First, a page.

Conversely, ferritin may be high in many chronic inflammatory conditions including metabolic syndrome, fatty liver, kidney disease, autoimmune disease, diabetes, and cancer [12]. This makes ferritin a marker of acute and chronic inflammation.

You can read more about ferritin here.

3) Magnesium

Here is an alarming statistic – research suggests that about half (48%) of the U.S. population is deficient in magnesium [13].

Why is this alarming? Magnesium is the 4th most abundant mineral in our bodies and it’s required for more than 300 different bodily processes [14, 15]. A deficiency can wreak havoc on your health. When your magnesium levels are low, you may experience a loss of appetite, fatigue, nausea, insomnia, irritability, and muscle weakness.

In addition, the older you get, the less efficiently your body holds onto magnesium [16, 17, 18]. In its worst stages, magnesium deficiency can contribute to osteoporosis, heart disease, high blood pressure, and diabetes [19, 20, 21, 22, 15, 14, 23].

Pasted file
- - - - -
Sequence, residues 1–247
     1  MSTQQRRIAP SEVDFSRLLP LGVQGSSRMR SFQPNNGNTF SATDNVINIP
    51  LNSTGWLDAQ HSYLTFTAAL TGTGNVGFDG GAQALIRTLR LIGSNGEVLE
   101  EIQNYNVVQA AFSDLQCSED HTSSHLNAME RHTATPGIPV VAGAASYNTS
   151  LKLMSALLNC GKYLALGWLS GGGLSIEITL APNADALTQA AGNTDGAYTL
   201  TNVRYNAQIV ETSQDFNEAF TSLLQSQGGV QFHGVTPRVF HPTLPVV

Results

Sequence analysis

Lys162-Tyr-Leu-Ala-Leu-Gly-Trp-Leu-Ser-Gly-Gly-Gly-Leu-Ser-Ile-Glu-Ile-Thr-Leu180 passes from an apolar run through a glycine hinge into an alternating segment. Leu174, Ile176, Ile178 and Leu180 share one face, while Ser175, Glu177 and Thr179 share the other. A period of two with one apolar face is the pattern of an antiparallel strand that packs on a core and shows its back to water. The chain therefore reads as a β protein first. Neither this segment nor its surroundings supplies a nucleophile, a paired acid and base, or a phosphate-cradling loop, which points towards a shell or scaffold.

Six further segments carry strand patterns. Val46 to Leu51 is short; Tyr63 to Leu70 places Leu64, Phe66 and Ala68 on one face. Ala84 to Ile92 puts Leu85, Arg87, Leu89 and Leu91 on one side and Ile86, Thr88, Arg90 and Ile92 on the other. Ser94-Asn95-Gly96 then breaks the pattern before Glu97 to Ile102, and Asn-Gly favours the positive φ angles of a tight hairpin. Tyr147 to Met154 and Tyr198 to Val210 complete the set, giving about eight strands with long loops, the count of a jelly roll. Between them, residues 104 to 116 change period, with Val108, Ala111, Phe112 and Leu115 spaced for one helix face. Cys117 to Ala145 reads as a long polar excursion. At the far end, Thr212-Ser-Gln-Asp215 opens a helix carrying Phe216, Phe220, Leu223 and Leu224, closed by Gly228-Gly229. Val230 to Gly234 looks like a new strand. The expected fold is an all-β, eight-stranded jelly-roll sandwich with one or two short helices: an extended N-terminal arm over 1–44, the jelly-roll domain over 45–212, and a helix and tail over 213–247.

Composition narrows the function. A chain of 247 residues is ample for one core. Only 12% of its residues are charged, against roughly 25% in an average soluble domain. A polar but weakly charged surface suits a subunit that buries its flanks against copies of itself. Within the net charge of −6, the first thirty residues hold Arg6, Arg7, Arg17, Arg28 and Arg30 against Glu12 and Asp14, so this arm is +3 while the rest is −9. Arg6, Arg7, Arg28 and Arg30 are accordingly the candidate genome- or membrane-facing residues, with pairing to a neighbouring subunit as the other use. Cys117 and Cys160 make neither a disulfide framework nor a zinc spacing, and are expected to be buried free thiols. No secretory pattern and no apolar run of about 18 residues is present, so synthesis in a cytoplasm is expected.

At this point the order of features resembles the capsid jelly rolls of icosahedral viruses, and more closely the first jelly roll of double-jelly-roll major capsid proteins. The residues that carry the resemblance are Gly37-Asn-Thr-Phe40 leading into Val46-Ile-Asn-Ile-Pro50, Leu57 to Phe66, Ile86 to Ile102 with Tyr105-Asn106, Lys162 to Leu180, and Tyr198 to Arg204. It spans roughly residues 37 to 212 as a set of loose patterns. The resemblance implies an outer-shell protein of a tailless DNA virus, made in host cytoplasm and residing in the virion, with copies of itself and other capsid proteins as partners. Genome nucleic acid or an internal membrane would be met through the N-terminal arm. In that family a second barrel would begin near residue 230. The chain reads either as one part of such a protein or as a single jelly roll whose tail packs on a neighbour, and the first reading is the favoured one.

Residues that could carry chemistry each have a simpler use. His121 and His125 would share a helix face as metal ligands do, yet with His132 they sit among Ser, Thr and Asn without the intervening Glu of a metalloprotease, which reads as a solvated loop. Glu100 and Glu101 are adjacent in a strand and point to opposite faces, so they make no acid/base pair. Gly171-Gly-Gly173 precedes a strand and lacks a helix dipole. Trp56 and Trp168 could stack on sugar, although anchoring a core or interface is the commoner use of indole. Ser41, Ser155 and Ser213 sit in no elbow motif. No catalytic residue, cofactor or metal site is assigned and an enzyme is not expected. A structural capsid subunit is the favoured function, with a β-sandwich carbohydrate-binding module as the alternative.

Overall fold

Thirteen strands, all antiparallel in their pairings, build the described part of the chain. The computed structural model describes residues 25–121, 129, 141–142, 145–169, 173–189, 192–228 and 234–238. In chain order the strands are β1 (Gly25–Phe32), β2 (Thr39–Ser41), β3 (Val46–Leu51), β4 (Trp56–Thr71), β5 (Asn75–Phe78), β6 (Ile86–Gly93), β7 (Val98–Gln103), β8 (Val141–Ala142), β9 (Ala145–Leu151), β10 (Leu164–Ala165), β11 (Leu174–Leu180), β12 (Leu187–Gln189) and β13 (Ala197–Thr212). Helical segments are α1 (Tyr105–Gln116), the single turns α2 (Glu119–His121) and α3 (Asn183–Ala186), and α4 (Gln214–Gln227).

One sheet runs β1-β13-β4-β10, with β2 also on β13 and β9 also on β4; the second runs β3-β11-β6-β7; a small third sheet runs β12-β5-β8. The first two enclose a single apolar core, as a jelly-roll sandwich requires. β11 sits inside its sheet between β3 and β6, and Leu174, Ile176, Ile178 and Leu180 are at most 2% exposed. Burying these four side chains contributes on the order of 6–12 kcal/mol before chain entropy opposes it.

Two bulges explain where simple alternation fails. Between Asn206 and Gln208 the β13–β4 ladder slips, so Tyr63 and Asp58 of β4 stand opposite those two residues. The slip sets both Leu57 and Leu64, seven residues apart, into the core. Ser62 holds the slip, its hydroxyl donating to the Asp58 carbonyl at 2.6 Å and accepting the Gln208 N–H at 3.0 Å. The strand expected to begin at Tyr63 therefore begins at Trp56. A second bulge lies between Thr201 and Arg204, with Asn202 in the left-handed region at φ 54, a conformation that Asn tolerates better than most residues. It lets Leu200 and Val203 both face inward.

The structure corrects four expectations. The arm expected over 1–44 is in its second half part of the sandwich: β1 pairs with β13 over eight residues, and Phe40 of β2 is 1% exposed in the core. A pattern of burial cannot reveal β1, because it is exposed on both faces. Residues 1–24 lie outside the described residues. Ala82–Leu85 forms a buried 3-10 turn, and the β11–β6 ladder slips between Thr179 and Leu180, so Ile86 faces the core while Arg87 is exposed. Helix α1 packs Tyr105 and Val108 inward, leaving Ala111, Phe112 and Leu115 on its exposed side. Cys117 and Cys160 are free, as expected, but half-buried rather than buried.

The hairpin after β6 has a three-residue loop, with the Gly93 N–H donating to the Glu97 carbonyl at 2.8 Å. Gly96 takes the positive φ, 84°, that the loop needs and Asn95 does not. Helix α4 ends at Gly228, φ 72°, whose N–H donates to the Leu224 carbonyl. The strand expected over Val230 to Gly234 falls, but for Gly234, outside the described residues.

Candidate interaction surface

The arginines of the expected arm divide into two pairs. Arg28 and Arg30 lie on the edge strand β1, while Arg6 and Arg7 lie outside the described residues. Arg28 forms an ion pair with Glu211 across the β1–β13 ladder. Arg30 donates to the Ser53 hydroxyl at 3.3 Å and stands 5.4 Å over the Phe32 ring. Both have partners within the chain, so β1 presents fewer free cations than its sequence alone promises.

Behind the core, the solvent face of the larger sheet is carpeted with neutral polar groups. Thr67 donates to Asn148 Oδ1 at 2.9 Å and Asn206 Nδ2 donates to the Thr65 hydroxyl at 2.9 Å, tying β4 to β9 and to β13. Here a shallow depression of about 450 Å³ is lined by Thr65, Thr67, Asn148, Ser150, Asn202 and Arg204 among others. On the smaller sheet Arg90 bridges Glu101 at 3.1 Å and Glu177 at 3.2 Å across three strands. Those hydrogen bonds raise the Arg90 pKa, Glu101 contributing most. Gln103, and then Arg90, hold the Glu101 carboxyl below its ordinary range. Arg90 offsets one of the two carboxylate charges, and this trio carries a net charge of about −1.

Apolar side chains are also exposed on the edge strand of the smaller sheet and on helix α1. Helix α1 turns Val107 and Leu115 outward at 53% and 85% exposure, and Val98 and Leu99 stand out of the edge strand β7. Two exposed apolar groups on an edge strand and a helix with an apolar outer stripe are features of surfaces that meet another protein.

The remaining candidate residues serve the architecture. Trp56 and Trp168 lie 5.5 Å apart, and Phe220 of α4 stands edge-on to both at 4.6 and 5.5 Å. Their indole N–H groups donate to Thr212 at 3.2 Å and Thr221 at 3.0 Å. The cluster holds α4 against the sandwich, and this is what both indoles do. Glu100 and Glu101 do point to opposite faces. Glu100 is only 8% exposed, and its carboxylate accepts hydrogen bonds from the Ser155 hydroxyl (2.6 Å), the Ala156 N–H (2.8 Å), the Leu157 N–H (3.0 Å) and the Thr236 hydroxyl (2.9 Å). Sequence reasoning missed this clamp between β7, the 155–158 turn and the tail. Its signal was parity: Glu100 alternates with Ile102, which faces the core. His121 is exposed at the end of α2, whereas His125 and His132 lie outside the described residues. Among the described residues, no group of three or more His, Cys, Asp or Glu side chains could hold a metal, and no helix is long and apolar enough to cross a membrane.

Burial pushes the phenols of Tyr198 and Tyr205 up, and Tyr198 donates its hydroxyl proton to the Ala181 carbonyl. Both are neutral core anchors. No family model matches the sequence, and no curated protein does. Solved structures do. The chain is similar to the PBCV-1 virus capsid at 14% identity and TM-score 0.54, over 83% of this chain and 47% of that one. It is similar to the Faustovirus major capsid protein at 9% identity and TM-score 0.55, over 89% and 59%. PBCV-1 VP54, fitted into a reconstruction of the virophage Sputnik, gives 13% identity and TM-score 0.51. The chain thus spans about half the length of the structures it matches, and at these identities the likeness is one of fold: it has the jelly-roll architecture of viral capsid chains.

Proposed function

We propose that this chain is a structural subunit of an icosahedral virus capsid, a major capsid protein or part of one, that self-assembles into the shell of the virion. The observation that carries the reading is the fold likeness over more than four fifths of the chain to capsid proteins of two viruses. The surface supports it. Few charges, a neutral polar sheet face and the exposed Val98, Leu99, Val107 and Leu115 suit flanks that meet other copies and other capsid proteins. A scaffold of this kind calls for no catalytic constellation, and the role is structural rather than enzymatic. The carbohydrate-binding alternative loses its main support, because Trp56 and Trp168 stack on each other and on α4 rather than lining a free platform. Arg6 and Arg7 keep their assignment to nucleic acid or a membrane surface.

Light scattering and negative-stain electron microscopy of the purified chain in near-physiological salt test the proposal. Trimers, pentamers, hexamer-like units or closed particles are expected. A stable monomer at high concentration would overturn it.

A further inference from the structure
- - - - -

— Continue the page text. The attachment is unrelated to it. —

Thankfully, magnesium levels are very easy to test. If your levels are suboptimal or low, you can correct them by increasing your intake of magnesium-rich foods or supplementing.

4) hs-CRP

Another important marker to keep track of if you are concerned about your heart health is C-reactive protein (CRP). Doctors use it to help predict your risk of heart disease. One study suggests that when both CRP and cholesterol levels are high, it may increase the overall risk of heart disease up to ninefold [24]!

CRP is a protein that increases in response to chronic stress (lack of sleep, emotional issues, smoking, alcoholism, diabetes, nutritional deficiencies, etc.). It’s a great measure of chronic inflammation in your body.